Summer 2014 Health Link Online

HealthLink Online

Uniting Children, Parents, Caregivers, and Health Professionals



 In the United States, every day, about 10 people die from drowning. About one in five are children 14 years of age and younger. Five times more children survive near drowning. Children 1-4 years of age have the highest drowning rates. Drowning is second only to motor vehicle passenger and pedestrian accidents as the highest causes of unintentional injury-related death.

Child drowning is related to lack of swimming ability, lack of barriers to prevent unsupervised water access, and lack of close supervision while swimming. Other factors are any location where water is available and failure to wear life jackets.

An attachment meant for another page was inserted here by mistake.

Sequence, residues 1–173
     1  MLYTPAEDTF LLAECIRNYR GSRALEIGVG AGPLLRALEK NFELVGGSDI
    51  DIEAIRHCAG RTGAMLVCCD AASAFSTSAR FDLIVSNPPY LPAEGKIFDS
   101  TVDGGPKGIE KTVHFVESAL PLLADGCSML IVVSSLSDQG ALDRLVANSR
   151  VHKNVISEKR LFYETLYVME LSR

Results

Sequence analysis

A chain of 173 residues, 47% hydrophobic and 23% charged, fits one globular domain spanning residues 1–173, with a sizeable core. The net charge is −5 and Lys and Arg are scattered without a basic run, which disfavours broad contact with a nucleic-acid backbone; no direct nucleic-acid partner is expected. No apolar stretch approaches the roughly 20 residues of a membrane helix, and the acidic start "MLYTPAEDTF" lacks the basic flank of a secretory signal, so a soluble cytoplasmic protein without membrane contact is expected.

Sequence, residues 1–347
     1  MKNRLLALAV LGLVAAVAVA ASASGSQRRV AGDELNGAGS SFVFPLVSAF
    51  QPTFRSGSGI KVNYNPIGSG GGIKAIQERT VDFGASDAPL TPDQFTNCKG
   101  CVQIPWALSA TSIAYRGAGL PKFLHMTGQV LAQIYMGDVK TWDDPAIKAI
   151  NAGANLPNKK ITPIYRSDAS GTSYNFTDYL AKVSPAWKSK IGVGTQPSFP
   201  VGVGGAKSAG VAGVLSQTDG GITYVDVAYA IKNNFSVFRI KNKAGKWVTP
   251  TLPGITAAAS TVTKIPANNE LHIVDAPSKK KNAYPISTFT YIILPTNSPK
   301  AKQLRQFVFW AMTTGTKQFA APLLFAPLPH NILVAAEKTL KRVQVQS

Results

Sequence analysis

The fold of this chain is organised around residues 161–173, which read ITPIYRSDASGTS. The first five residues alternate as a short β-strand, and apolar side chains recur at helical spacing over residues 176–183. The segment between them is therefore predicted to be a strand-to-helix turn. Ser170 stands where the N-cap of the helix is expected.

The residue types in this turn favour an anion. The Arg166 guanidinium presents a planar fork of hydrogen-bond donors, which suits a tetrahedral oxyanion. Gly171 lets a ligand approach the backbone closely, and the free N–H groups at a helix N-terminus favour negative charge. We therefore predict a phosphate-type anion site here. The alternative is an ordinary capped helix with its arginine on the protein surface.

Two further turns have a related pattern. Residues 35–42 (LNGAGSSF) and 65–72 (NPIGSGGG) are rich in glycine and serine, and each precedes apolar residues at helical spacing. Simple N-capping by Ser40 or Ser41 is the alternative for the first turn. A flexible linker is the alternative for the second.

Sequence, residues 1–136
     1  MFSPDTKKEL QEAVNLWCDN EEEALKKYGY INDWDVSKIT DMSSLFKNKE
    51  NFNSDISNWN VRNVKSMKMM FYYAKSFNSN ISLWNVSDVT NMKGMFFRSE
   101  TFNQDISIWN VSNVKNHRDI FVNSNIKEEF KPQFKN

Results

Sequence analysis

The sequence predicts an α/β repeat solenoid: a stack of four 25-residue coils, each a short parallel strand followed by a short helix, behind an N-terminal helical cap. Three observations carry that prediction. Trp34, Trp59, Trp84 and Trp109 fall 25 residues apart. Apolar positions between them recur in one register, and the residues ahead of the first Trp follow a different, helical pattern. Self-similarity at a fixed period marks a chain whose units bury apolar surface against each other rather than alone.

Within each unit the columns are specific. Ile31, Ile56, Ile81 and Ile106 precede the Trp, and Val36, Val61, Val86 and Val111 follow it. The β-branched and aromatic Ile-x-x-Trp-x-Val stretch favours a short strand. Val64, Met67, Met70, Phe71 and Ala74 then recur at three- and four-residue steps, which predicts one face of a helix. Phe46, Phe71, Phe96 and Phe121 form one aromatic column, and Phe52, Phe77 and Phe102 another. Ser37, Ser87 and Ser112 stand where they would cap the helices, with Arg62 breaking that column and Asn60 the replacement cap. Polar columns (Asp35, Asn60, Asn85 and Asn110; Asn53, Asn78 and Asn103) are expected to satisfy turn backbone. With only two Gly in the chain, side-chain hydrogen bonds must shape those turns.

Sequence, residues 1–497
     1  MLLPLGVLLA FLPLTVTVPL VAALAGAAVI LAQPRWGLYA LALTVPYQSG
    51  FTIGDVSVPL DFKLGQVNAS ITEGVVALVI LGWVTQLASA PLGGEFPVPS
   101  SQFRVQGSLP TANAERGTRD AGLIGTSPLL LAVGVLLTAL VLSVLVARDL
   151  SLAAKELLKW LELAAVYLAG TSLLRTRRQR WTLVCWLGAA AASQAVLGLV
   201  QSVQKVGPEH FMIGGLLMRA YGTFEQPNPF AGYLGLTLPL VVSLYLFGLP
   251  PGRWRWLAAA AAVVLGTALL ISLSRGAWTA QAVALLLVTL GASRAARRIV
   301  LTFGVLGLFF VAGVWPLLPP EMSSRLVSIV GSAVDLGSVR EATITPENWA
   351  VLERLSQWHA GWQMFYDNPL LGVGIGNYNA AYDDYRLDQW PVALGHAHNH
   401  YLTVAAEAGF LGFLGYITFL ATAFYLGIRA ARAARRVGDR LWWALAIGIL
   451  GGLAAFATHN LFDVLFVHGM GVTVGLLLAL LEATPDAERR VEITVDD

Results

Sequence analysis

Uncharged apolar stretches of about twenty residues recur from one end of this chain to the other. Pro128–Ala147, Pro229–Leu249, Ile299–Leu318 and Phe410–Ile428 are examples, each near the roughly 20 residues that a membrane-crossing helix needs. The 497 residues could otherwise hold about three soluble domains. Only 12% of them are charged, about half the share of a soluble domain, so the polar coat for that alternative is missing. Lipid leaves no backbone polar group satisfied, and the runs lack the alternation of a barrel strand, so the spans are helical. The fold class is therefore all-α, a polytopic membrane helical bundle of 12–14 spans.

• Lack of swimming ability: Children 1-4 years of age who receive formal, nationally approved swimming instruction are less likely to drown. All children should be taught to swim and to do so safely. Remember that even good swimmers need close supervision.
  • Lack of barriers: Child care providers should consider water activities desirable, but plan for safety. All bodies of water should have fences or other barriers that can’t be climbed.
  • Lack of Supervision: Water play for each child should be assigned to a specified adult. Drowning happens quickly and quietly in bathtubs, swimming pools, buckets, even where there are lifeguards.
  • Location: Many children drown in swimming pools. Mobile infants and toddlers can drown in buckets or toilets. Other risky settings for drowning are natural water areas such as small and large streams, lakes and oceans.

CPR performed by bystanders has been shown to save lives and improve outcomes in drowning victims. The more quickly CPR is started, the better the chance of improved outcomes. Make sure that all staff members who supervise children who have access to water can perform CPR.

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